Suddenly, he pulled himself off the ground. He found one of his feathers - a special one, it'd been left behind by one of the Wonder Birds they'd encountered on some island in the far north - and a bottle of ink, then pulled a fresh journal from a shelf.
He opened it, and wrote a single date where there were usually two years, a beginning and an end. He spoke as he wrote.
"It has been a long time since I wrote in these journals. Mia was right, even though I didn't know it at the time. Immortality, the ability to live forever, is more of a curse than a gift, though she didn't say it as such in as many words. Sometimes, in these centuries since I last saw any of them, I wanted to forget. I wondered why I was the one left after they were all gone, and I would sometimes regret the tidal wave that swept me out to sea.
If I hadn't met them, I wouldn't feel this way now. I wouldn't be so lonely. Sometimes I would regret meeting them, but I would feel guilty instantly afterwards, because it wasn't their fault.
Now I know why I am the only Lemurian to have ventured beyond our borders in so long. No other wants the burden of meeting someone they care about beyond our isolated waters, because they will certainly live beyond their time. I have. I know what it's like.
Love is a liability for a Lemurian. We cannot afford the want to travel and explore, because if we do… we spend our entire lives wishing we could have that time of our lives back. And we can't turn back time. Nobody can. Time is precious, and yet seeing so much of it, is depressing.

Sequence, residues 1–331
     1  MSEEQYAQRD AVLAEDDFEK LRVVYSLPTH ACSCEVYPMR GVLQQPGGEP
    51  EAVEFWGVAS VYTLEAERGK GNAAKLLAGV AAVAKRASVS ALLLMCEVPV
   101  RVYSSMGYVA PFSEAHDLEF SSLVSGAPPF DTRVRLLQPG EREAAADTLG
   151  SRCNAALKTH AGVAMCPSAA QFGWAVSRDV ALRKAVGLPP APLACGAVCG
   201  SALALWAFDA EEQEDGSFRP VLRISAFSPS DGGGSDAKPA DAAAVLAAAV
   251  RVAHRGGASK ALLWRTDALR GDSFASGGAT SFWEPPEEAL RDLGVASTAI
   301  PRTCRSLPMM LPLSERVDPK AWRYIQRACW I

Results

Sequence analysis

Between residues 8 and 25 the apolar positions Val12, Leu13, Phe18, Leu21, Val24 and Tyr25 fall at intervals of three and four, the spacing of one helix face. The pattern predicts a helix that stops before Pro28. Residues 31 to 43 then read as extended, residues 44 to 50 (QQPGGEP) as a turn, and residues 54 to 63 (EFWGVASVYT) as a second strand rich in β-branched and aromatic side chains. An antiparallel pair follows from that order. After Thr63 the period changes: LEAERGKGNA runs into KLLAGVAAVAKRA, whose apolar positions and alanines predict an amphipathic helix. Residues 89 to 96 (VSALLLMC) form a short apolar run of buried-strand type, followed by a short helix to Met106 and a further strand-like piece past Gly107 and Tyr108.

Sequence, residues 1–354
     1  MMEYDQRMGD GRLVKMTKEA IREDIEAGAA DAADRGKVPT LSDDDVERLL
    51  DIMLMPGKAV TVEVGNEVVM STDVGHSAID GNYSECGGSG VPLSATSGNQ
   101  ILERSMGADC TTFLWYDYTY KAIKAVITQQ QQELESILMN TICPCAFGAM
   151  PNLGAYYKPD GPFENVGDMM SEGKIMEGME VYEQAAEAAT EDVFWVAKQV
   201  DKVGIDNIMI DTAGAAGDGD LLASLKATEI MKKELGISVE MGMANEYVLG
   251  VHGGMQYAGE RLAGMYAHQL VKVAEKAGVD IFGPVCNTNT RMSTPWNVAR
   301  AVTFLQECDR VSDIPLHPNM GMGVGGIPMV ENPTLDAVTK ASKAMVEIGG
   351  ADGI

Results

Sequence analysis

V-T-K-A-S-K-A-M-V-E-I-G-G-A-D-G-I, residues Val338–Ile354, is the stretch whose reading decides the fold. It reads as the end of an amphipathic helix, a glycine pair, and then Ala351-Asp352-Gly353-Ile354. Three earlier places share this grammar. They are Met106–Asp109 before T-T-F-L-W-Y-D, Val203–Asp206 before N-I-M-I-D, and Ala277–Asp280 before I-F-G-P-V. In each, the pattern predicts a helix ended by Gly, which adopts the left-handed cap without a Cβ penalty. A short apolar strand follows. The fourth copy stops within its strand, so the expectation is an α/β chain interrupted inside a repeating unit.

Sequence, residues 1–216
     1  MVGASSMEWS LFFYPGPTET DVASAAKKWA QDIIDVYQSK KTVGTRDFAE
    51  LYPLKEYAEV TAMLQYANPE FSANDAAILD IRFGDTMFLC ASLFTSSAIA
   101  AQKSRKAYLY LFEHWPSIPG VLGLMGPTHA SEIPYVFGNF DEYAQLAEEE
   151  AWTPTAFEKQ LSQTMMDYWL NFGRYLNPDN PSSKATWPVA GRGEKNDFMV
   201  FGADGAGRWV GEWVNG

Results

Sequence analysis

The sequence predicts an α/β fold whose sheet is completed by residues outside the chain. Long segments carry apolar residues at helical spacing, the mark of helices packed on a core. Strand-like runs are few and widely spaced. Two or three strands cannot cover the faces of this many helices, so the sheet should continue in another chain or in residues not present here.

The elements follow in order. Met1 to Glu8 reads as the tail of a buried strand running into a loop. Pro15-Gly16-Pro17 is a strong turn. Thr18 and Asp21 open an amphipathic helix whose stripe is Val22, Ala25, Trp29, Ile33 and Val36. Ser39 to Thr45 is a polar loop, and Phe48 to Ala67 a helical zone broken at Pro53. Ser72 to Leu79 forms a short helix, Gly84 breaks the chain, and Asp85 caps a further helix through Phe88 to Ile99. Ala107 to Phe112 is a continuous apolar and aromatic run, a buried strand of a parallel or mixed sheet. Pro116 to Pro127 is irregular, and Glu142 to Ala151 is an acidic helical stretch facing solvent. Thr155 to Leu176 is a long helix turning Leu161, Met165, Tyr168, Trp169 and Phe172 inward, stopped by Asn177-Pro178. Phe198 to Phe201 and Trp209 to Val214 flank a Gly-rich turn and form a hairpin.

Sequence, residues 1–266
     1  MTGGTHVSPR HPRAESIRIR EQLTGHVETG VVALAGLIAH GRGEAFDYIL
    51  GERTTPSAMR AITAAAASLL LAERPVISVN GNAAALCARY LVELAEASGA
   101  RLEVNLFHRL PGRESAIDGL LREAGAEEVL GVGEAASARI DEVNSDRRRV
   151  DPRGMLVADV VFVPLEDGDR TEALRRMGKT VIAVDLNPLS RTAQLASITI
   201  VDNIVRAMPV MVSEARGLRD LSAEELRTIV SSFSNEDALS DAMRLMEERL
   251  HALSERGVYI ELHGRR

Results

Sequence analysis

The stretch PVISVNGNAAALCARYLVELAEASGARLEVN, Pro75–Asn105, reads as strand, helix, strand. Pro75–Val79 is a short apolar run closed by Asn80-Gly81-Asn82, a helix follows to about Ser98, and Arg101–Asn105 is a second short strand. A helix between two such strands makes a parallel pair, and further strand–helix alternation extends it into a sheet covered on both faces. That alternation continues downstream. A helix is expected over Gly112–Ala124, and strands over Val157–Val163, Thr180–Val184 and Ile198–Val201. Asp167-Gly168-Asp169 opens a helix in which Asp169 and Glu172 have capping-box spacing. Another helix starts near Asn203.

I haven't changed in hundreds, thousands of years, and my friends have been dead in their graves for so long I can't even remember when anymore. All I have is that one painting on my ship, and all these painful memories that I want to forget.
Why is it that people do not remember everything? Ivan said once that the violence we commit is too terrible to be branded in your mind forever. It's good that we forget, that memories fade. I agree.
But I regret now, that I can't recall Felix's sharp chin too clearly, or Jenna's lively crimson eyes as well as I used to. I don't remember Ivan's various sayings as well as I should, and I can only faintly recall the exact shade of Isaac's long yellow scarf. Of Sheba, I can only remember her distinctive face, and those sad eyes of hers. Of all of them, I can only wholly remember Mia, but I can feel my memory slipping, her image fading in my mind as time washes the colors and details away.
But even though I can't remember everything anymore, and I will probably forget more with the passage of time… I'm glad everything happened the way they did. That I was swept out to sea, stranded then rescued by them. Adventuring. Exploring.
Living. Truly living. I am glad that I lived more in those few precious years of knowing them, than in all the centuries before that moment my life changed.
Because even if the most painful part of living forever is remembering...
The most joyful part of life is also in memory.
Thank you - to all of you - for those good times.
I hope one day we can meet again."
Nobody remembered them anymore. They were just another fairytale, another bedtime story of heroes who saved the world. He replaced the feather in its holder, and recapped the bottle of ink. Waiting for the ink to dry on the page, he picked up the pen again and wrote something at the bottom of the page. He smiled and slipped to bed, closing his eyes and sleeping a dreamless sleep for the first time in a long time.
Even if nobody else remembered, he would.
It was connected, after all, to the other seven names. The tale of their adventures - their memories - were his to carry for the rest of his time.
Until they met again.